Plaintiff's evidence tended to show that her husband leased the premises in question from defendant, that the lease provided that defendant should keep the premises in repair, and further that defendant verbally agreed to repair the steps leading to the house, that defendant undertook to repair the steps and advised that the repairs had been completed, that after the repairs were made no defect was apparent in the steps, and that as plaintiff and her husband were walking down the steps, plaintiff stepped on a loose brick which caused her to fall to her injury. Defendant's allegation and evidence were to the effect that it knew of no defect in the steps, that it did not undertake to repair same, and that no repair work was actually done on the steps. Held: The conflicting evidence raises an issue of fact for the determination of a jury and the denial of defendant's motion to nonsuit was proper.

10. Trial § 32 —

If a party desires more particular instructions upon subordinate features of the case he must aptly tender request therefor.

APPEAL by defendant from Olive, Special Judge, at August Term, 1940, of HENDERSON. No error.

C. D. Weeks and L. B. Prince for plaintiff.

R. L. Whitmire for defendant.

BARNHILL, J., dissenting.

STACY, C. J., and WINBORNE, J., concur in dissent.

This is an action for actionable negligence brought by plaintiff against defendant alleging damage. The defendant denied negligence and set up the plea of contributory negligence.

The plaintiff in her complaint alleged, in part:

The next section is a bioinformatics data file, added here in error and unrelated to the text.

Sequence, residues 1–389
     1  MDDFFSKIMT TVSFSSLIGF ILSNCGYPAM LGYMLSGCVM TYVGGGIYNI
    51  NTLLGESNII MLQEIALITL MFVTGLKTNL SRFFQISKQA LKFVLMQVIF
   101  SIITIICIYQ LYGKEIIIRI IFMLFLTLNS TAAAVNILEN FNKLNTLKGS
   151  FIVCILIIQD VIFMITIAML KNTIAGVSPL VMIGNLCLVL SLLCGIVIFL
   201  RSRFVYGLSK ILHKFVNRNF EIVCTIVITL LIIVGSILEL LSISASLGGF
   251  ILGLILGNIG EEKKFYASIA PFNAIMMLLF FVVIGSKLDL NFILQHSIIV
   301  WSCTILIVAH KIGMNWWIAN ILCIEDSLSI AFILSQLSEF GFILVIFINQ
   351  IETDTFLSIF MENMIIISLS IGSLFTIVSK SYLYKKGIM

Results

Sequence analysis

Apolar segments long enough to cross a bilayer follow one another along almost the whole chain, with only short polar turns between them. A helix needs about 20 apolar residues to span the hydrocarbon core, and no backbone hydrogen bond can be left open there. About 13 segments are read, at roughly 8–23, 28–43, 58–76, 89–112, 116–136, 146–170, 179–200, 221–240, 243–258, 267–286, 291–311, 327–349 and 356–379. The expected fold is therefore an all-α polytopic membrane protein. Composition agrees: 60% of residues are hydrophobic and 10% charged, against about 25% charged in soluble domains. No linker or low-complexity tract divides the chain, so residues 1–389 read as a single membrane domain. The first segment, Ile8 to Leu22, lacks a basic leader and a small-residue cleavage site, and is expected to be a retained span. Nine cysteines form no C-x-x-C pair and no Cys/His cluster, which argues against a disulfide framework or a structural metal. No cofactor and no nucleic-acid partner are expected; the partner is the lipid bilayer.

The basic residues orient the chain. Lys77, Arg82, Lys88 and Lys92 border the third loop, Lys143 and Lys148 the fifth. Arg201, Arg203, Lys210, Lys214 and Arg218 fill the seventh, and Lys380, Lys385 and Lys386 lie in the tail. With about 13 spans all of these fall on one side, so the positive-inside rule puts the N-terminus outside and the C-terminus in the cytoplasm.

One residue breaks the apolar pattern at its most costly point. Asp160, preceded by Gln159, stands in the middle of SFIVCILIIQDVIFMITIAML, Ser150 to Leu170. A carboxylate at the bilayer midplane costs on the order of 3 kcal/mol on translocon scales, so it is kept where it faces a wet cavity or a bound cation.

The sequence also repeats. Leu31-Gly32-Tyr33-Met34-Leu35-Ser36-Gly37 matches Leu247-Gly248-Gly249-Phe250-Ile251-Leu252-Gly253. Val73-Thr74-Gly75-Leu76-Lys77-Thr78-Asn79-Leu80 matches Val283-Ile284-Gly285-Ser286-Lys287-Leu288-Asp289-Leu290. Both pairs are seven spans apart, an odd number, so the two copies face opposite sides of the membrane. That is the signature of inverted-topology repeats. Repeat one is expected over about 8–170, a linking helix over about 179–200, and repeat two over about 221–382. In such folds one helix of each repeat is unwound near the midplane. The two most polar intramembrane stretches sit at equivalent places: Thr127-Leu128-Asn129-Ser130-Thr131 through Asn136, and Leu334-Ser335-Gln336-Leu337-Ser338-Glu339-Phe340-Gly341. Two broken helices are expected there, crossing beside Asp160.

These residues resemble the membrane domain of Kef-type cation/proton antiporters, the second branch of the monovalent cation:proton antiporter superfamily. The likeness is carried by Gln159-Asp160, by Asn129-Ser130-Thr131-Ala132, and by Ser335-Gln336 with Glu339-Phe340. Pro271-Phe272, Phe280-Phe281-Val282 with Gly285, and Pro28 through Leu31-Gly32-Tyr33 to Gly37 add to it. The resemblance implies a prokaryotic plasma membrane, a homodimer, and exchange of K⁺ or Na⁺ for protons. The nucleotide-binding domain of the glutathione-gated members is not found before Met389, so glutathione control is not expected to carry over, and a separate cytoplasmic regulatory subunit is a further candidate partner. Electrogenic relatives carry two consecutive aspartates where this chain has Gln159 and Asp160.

"That said steps at the time of plaintiff's first inspection of the premises, were made of brick, and that a number of the bricks were loose and a larger number had been removed from the tread of the steps, and that the dangerous condition of the steps was readily apparent to even a casual inspection; that in order to repair said steps it would be necessary to replace the bricks that had been removed and reset them in mortar, and reset in mortar the bricks that were loose. . . . That defendant sent workmen out to the premises to make said repairs, and that said workmen worked at said repairs from time to time during October and November, 1937, and announced that the job was completed some time after the first of December, 1937. . . . That on the night of December 31, 1937, or in the early morning of January 1, 1938, plaintiff and her husband were going down the steps, which were well lighted, and that plaintiff's husband had hold of plaintiff's arm, and that in going down the steps together, side by side, plaintiff's position on the steps was off the center and to the left side of said steps, and on a part of said steps that was off the regular tread of said steps and which had not been used by plaintiff since said repairs, and that as plaintiff stepped on one of the bricks, the brick turned under her foot and threw her violently down the steps, breaking and shattering the bone of her upper left arm, and that plaintiff was completely disabled, etc. . . . That the said defendant in making repairs to said steps, was negligent in that the said bricks on that portion of the steps from which plaintiff was precipitated, as hereinbefore set out, were not properly encased in mortar and were left in an insecure and loose condition, by reason of which carelessness and negligence the said steps were in an insecure and unsafe condition at the time of the said injuries, and which said negligence was the proximate cause of the injuries hereinbefore set out. . . . That the defendant was negligent and responsible for said damages, for that the servants employed by it conformably to its specific contract to repair said steps, instead of properly repairing the same and properly setting the bricks in mortar, negligently and carelessly replaced several bricks on the side of the steps apparently without any mortar at all, and left them loose and freely movable, and at the same time left said steps with the appearance of having been properly repaired and in such a condition as would deceive any person into believing that the steps were safe and ready for use, and that said defendant's servants or employees stated that said steps had been completely repaired, and had announced that they had finished the job on the steps, leaving the plaintiff and her husband under the impression and secure in the feeling that the steps had been repaired as had been contracted by said defendant."